NPR Politics presents the Lunchbox List: our favorite campaign news and stories curated from NPR and around the Web in digestible bites (100 words or less!). Look for it every weekday afternoon from now until the conventions.

Convention Countdown

The Republican National Convention is in 4 days in Cleveland.

The Democratic National Convention is in 11 days in Philadelphia.

NASA has released the first picture of Jupiter taken since the Juno spacecraft went into orbit around the planet on July 4.

The picture was taken on July 10. Juno was 2.7 million miles from Jupiter at the time. The color image shows some of the atmospheric features of the planet, including the giant red spot. You can also see three of Jupiter's moons in the picture: Io, Europa and Ganymede.

The Senate is set to approve a bill intended to change the way police and health care workers treat people struggling with opioid addictions.

My husband and I once took great pleasure in preparing meals from scratch. We made pizza dough and sauce. We baked bread. We churned ice cream.

Then we became parents.

Now there are some weeks when pre-chopped veggies and a rotisserie chicken are the only things between us and five nights of Chipotle.

Parents are busy. For some of us, figuring out how to get dinner on the table is a daily struggle. So I reached out to food experts, parents and nutritionists for help. Here is some of their (and my) best advice for making weeknight meals happen.

"O Canada," the national anthem of our neighbors up north, comes in two official versions — English and French. They share a melody, but differ in meaning.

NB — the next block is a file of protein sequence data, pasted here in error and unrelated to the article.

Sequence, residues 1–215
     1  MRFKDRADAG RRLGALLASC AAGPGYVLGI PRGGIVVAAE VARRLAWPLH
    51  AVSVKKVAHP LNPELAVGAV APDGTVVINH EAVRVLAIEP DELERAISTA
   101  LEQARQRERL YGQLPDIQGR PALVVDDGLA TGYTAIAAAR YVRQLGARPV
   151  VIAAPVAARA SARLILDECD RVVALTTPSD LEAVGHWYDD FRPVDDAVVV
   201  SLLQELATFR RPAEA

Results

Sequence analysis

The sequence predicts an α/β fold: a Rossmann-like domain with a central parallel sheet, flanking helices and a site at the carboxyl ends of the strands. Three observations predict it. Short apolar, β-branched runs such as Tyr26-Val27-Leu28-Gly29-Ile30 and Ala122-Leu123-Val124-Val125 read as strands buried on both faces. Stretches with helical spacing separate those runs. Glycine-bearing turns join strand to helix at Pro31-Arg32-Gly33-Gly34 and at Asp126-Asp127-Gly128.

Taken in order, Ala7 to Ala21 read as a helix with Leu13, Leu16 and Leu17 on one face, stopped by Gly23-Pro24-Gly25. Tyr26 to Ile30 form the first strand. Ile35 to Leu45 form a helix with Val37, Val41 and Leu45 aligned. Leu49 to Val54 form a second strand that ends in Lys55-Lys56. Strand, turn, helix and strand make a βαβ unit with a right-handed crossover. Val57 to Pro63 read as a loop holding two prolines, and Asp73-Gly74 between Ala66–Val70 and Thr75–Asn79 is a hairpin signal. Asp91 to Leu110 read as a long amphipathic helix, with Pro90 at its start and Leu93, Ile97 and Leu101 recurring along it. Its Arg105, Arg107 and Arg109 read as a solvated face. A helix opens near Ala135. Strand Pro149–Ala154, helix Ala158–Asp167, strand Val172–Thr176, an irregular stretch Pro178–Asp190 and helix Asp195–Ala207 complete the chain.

Let the record show: neither version of those lyrics contains the phrase "all lives matter."

But at the 2016 All-Star Game, the song got an unexpected edit.

At Petco Park in San Diego, one member of the Canadian singing group The Tenors — by himself, according to the other members of the group — revised the anthem.

School's out, and a lot of parents are getting through the long summer days with extra helpings of digital devices.

How should we feel about that?

Police in Baton Rouge say they have arrested three people who stole guns with the goal of killing police officers. They are still looking for a fourth suspect in the alleged plot, NPR's Greg Allen reports.

"Police say the thefts were at a Baton Rouge pawn shop early Saturday morning," Greg says. "One person was arrested at the scene. Since then, two others have been arrested and six of the eight stolen handguns have been recovered. Police are still looking for one other man."

A 13-year-old boy is among those arrested, Greg says.

Copyright 2016 NPR. To see more, visit http://www.npr.org/.

After an international tribunal invalidated Beijing's claims to the South China Sea, Chinese authorities have declared in no uncertain terms that they will be ignoring the ruling.

The Philippines brought the case to the Permanent Court of Arbitration in The Hague, objecting to China's claims to maritime rights in the disputed waters. The tribunal agreed that China had no legal authority to claim the waters and was infringing on the sovereign rights of the Philippines.

Donald Trump is firing back at Supreme Court Justice Ruth Bader Ginsburg after she disparaged him in several media interviews. He tweeted late Tuesday that she "has embarrassed all" with her "very dumb political statements" about the candidate. Trump ended his tweet with "Her mind is shot - resign!":